Financial Planning: 5 things to consider when you have a child with special needs - MetroFamily Magazine
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Financial Planning: 5 things to consider when you have a child with special needs

By Wymer Brownlee

by Christina Mushi-Brunt

Reading Time: 4 minutes 

The current cost of raising a child from birth to 18 years in a U.S. middle-class household is estimated to be a little over $300,000, according to the U.S Department of Agriculture and the Bureau of Labor Statistics. While some costs can be anticipated and planned for, what happens when the unexpected occurs?

In 2020, Aaron and Natalie Waters and their first daughter, Ella Kate, welcomed their second daughter, Collyns Claire, into their family. As a parent and a wealth advisor with Wymer Brownlee Wealth Strategies, Aaron was acutely aware of the costs the family would face.

However, when prenatal screening tests revealed that Collyns had Down syndrome, a condition in which an individual has a partial or full extra copy of chromosome 21, he and Natalie had to start reimagining their family’s short- and long-term plans, including their finances. Based on his professional and personal experiences, Waters shares his top five tips for families as they balance the expenses of raising a child with special needs with creating joyful family memories.

  1. Build a support network. This network can consist of family, friends and professionals who have a child with special needs or who have experience in associated areas. Seeking wise counsel, whether through personal relationships or professionals like financial planners, lawyers and health care advocates, can be extremely beneficial.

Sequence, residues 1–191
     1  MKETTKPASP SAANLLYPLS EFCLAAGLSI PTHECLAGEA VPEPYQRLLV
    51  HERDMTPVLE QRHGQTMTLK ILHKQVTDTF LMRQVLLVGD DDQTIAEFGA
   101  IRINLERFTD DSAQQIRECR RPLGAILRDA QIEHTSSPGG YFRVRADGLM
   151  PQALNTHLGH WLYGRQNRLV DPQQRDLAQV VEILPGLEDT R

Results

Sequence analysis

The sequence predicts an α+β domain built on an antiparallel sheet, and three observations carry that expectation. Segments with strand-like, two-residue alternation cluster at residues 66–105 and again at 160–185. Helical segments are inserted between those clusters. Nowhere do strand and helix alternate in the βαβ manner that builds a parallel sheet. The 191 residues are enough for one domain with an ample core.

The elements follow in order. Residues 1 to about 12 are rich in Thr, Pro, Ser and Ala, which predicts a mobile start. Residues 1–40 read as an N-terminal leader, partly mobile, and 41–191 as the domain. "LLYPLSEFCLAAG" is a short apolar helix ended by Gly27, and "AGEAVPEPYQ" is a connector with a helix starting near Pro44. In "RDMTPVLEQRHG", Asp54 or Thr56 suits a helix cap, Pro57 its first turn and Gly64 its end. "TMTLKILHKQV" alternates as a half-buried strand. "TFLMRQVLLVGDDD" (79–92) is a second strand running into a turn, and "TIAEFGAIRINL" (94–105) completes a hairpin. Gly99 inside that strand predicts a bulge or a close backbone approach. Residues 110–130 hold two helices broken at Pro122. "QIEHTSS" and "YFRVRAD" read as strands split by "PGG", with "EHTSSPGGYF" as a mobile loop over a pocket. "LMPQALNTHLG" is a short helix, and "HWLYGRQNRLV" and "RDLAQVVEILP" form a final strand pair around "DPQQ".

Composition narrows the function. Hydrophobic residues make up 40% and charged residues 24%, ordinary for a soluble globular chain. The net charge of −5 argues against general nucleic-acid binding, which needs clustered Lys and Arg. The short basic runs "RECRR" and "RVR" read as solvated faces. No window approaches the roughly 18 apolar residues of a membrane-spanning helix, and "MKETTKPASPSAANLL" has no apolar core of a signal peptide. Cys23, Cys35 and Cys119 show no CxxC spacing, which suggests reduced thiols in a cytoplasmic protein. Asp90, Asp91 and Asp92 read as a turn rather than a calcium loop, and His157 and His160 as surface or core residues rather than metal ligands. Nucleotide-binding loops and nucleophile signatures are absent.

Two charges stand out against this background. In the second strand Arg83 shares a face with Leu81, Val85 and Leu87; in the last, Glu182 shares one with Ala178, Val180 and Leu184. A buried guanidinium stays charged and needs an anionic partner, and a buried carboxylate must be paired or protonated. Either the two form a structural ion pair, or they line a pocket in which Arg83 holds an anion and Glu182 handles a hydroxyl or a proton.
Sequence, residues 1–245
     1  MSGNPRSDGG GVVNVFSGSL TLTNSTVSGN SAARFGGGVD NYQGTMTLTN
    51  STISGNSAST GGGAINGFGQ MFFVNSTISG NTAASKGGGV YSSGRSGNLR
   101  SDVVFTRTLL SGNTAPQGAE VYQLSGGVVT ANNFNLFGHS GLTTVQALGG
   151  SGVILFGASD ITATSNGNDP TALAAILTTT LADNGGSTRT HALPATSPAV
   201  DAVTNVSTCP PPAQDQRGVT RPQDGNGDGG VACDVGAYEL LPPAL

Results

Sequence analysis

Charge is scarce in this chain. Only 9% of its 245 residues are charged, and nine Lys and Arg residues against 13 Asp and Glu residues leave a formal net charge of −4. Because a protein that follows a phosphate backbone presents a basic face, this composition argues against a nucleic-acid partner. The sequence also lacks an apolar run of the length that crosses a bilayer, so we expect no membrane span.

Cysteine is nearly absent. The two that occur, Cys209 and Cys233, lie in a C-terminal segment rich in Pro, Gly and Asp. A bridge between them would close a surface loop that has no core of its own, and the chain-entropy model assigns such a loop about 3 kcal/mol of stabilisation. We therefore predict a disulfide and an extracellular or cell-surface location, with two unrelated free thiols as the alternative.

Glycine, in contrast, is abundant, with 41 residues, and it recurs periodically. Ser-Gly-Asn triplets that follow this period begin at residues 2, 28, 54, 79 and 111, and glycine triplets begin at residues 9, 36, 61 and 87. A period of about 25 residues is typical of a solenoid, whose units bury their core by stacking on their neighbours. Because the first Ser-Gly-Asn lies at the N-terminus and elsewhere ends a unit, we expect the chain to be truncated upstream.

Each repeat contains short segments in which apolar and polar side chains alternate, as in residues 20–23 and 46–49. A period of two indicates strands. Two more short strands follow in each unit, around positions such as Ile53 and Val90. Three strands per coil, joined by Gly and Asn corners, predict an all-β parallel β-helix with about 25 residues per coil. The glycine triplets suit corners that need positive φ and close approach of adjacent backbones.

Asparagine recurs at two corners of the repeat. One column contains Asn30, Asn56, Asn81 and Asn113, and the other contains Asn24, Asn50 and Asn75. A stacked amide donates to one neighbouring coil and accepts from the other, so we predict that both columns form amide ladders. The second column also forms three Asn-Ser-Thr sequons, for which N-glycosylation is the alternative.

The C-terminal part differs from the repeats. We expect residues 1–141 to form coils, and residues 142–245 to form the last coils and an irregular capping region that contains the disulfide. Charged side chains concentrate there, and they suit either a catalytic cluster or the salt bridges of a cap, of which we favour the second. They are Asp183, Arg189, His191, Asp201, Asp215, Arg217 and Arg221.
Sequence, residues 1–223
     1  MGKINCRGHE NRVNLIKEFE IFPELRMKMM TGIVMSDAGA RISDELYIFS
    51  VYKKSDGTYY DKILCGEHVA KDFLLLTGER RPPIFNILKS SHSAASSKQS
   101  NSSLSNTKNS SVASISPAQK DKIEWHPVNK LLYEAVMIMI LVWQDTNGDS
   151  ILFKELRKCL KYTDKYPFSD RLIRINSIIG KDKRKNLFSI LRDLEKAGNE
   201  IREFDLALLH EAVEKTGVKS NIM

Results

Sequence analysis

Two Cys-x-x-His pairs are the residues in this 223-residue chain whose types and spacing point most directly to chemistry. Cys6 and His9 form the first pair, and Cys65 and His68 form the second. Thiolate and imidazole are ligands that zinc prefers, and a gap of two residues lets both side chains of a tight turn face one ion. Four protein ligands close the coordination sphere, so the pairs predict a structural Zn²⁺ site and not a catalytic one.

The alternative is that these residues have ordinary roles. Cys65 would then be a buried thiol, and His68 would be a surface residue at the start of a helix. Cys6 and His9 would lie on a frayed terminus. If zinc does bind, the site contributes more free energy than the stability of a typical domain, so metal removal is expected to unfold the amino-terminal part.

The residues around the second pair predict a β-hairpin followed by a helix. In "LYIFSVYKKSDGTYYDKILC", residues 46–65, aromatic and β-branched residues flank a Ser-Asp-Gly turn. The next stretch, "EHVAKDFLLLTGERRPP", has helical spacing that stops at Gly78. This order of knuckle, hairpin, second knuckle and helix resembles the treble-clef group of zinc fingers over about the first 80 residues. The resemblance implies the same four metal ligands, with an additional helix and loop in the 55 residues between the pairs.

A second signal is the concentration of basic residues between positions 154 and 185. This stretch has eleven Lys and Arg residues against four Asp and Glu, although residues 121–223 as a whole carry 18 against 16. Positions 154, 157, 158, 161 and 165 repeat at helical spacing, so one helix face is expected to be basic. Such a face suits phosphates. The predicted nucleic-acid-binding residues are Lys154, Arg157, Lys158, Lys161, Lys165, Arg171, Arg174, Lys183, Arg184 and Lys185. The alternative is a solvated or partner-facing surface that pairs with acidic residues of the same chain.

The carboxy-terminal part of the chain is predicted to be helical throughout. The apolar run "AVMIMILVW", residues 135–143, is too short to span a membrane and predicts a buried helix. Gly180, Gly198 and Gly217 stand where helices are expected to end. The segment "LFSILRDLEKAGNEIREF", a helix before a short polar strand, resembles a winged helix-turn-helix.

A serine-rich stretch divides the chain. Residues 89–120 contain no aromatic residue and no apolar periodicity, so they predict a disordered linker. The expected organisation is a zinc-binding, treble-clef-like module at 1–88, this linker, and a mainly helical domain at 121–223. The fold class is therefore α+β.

2. Make decisions based on your family’s needs and assets. As parents, we often have a vision for what our family’s journey will look like and make decisions based on that vision. However, becoming a family that includes a child with special needs or disabilities may require significant adjustments. Waters shares one such example: “When my wife, Natalie, decided to stay home with our children, we lost income, but we did save on daycare costs. Weighing those kinds of things is important, and they are not always easy decisions.”
  3. Assess your short-term needs. Managing day-to-day finances is one of the most commonly cited challenges for families of children with special needs. It’s especially complex when the diagnosis is new. “You look at what expenses are going to be,” explains Waters. “In that moment, all of a sudden, now we weren’t just having a baby. We were looking at a NICU stay, heart surgeries and extra care that we weren’t planning on and all of those things can become very expensive. It was daunting.”Aaron and Natalie sought out resources to help with immediate needs. Waters recommends families learn about their options through state programs, for example:
    1. SoonerCare is Oklahoma’s Medicaid program, which provides coverage for health care services to vulnerable populations. SoonerCare helps cover medical costs for individuals/families who are unable to afford them and who lack access to other health insurance coverage. SoonerCare can help families manage the costs of medical, dental and vision appointments, therapies, prescriptions and more.
    2. Tax Equity and Financial Responsibility Act (TERFA) can help ease some of the financial burden associated with caring for a child with special needs, including therapies, medical equipment, copays and even transportation costs. A child must meet eligibility criteria, and then families are paired with a case manager, who helps them navigate through the process. Waters said TERFA has been a “huge help.”